Archived Seminar: Parkinson's Disease and Why Development Matters
Pioneers in Biomedical Research Seminar presented by the Fralin Biomedical Research Institute at VTC
Parkinson’s Disease (PD) is defined clinically by motor symptoms that usually arise late in life and are the result of the loss of dopaminergic neurons, but a variety of nonmotor symptom including depression can precede these symptoms by many years, and genes causing PD are normally expressed throughout the lifespan, including development. It is with this in mind, that we have been examining the effect of PD-causing gene mutations on brain development. Our data show that a knockin mutation of the most prevalent genetic cause of PD, LRRK2-G2019S, alters the structure and function of corticostriatal circuits, and suggest that LRRK2-G2019S coopts synaptic circuits early in life, biasing the actions of cellular pathways in ways that have enduring consequences for learning and stress-related responses in young adulthood. The changes we observe serve to outline novel pathways that can be used to understand, detect, or treat PD.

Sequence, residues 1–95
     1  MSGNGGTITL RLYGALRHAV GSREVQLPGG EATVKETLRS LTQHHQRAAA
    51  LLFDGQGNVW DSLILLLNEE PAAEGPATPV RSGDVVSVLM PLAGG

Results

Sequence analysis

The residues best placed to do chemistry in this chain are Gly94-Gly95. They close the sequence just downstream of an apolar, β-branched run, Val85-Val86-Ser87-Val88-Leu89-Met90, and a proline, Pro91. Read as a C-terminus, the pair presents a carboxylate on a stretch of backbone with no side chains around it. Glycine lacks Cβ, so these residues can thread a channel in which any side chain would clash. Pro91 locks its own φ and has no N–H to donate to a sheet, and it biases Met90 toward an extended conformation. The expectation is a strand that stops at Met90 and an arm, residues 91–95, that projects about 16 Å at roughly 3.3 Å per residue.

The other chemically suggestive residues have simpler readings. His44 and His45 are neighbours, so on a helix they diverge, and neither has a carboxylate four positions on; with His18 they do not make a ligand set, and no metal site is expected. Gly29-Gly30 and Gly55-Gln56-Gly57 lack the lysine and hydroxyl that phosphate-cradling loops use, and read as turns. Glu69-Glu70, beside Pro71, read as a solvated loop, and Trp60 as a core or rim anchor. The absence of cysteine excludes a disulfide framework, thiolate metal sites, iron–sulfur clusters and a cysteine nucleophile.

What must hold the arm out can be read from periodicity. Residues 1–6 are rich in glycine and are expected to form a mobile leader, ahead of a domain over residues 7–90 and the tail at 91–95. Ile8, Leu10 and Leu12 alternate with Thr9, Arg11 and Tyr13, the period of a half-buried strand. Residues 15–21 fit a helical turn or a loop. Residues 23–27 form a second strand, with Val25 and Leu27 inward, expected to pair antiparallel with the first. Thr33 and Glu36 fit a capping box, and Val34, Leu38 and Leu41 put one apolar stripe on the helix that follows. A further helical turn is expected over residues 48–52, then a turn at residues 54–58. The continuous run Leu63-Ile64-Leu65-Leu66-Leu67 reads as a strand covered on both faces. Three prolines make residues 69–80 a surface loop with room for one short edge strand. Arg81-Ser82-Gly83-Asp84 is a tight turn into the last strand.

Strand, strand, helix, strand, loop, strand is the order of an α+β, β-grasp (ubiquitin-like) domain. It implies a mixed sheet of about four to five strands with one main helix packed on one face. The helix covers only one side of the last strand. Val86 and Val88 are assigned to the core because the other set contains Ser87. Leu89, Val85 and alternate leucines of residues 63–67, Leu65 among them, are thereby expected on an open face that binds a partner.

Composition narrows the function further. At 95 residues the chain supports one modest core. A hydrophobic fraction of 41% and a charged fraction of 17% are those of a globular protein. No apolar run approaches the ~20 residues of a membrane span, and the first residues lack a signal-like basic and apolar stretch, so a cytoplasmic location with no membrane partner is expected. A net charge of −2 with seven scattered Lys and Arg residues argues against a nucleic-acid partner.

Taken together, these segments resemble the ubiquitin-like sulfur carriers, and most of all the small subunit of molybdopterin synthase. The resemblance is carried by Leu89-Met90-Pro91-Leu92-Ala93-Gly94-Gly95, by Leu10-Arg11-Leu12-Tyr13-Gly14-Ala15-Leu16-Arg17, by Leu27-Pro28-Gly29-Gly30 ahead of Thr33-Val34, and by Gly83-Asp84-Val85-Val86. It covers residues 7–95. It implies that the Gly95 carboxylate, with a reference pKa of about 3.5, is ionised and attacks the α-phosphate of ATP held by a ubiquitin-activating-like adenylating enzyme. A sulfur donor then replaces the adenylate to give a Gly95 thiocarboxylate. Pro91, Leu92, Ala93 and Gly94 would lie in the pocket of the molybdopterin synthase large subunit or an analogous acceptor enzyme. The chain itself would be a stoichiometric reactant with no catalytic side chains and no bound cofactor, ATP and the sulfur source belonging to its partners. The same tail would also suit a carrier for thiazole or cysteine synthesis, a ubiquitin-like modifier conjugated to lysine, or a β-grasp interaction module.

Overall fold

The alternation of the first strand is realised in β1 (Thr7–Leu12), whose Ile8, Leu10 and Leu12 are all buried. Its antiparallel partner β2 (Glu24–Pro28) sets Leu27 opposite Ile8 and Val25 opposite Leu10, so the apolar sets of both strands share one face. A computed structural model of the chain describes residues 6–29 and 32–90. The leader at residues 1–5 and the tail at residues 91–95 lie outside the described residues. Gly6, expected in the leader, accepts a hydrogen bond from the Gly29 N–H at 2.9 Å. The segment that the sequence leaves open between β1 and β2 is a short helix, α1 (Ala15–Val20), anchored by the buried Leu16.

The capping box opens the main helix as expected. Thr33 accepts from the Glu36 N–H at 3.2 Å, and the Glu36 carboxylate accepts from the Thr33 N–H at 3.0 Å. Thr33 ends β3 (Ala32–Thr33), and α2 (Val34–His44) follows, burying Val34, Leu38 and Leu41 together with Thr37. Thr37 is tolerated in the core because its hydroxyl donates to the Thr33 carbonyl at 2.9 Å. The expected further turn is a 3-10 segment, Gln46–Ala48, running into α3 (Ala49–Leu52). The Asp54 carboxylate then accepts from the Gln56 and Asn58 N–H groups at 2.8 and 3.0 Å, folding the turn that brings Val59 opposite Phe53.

This is a free event hosted by the Fralin Biomedical Research Institute and co-sponsored by the institute's Center for Neurobiology Research and the Center for Glial Biology in Health, Disease, and Cancer. The Fralin Biomedical Research Institute Pioneers in Biomedical Research Program offers the expertise of a range of scientists who are exploring frontiers in biomedical research. These seminars are open to Virginia Tech and Carilion Clinic faculty, students, and staff.
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